I hope the new film based on the life of Alan Turning, a British mathematician, logician, cryptanalyst and computer scientist, called The Imitation Game, starring Benedict Cumberbatch and Keira Kinightley is successful and faithful to the life of Turing, given how badly he was treated after the war he helped to win.
During World War Two, Turing worked for the Government Code and Cypher School at Bletchley Park, Britain’s codebreaking centre. and devised a number of techniques for breaking German ciphers, including improvements to the pre-war Polish bombe method, an electromechanical machine that could find settings for the Enigma machine.
Winston Churchill said that Turing made the single biggest contribution to Allied victory in the war against Nazi Germany. Turing’s pivotal role in cracking intercepted coded messages enabled the Allies to defeat the Nazis in several crucial battles.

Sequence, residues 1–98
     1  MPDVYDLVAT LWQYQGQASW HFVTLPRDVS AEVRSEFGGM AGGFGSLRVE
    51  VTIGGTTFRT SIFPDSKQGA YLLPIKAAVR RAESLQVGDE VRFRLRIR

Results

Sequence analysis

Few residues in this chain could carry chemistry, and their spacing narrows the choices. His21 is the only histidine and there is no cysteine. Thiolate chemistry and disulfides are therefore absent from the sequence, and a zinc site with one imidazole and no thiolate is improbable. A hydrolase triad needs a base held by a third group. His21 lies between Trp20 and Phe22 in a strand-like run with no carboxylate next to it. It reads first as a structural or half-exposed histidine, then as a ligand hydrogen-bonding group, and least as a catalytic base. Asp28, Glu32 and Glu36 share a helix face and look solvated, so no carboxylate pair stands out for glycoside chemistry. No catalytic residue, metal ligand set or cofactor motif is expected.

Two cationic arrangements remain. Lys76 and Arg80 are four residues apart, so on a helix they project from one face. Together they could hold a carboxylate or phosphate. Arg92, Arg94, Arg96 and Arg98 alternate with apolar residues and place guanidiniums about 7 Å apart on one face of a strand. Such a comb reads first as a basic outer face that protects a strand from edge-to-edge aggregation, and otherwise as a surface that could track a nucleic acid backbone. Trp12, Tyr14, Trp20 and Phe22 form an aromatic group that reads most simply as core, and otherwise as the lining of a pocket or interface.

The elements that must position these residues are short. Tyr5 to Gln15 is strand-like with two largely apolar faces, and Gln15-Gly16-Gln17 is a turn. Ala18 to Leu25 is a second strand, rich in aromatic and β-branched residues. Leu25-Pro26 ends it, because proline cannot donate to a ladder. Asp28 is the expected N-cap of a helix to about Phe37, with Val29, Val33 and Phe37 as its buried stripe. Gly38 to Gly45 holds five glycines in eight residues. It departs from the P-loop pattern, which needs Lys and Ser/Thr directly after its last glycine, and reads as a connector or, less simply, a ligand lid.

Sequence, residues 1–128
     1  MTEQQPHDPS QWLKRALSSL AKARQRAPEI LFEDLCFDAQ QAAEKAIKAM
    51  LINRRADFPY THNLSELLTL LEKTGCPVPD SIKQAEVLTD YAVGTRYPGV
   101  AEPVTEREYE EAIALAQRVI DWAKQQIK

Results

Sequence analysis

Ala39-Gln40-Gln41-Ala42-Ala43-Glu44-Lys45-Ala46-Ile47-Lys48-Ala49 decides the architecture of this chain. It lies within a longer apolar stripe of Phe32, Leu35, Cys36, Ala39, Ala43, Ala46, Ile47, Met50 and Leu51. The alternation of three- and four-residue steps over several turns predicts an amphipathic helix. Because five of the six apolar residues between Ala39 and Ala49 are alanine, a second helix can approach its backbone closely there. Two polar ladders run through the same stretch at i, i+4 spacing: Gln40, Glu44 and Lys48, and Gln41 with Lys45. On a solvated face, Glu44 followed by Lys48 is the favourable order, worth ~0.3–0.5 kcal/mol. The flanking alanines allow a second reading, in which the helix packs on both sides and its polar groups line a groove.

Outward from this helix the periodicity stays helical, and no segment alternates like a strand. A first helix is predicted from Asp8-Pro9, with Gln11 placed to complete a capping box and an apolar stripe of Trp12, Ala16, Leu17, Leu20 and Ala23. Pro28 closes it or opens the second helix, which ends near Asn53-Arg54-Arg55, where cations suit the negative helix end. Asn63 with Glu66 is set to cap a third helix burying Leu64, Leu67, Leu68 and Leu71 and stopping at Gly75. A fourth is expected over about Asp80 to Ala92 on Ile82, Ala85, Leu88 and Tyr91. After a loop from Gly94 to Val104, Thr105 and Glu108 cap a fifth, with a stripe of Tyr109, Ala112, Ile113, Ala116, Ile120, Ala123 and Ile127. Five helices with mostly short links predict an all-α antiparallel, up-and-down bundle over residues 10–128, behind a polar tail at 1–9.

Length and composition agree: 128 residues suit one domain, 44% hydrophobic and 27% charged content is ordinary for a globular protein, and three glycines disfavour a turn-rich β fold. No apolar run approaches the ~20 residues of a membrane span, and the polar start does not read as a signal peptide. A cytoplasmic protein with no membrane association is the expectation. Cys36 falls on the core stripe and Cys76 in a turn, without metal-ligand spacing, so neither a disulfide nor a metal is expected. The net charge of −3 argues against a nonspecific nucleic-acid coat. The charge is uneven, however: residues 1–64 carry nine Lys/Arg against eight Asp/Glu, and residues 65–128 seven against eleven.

After the war Turing was prosecuted for homosexuality in 1952, when such acts were still criminalised in the UK. He accepted treatment with estrogen injections (chemical castration) as an alternative to prison. Turing died in 1954, 16 days before his 42nd birthday, from cyanide poisoning.
An inquest determined his death a suicide; his mother and some others believed it was accidental. On 10 September 2009, following an Internet campaign. British Prime Minister Gordon Brown made an official public apology on behalf of the British government for “the appalling way he was treated.”
The Queen of England, in a homage to the too little too late cliché, granted him a posthumous pardon on 24 December 2013.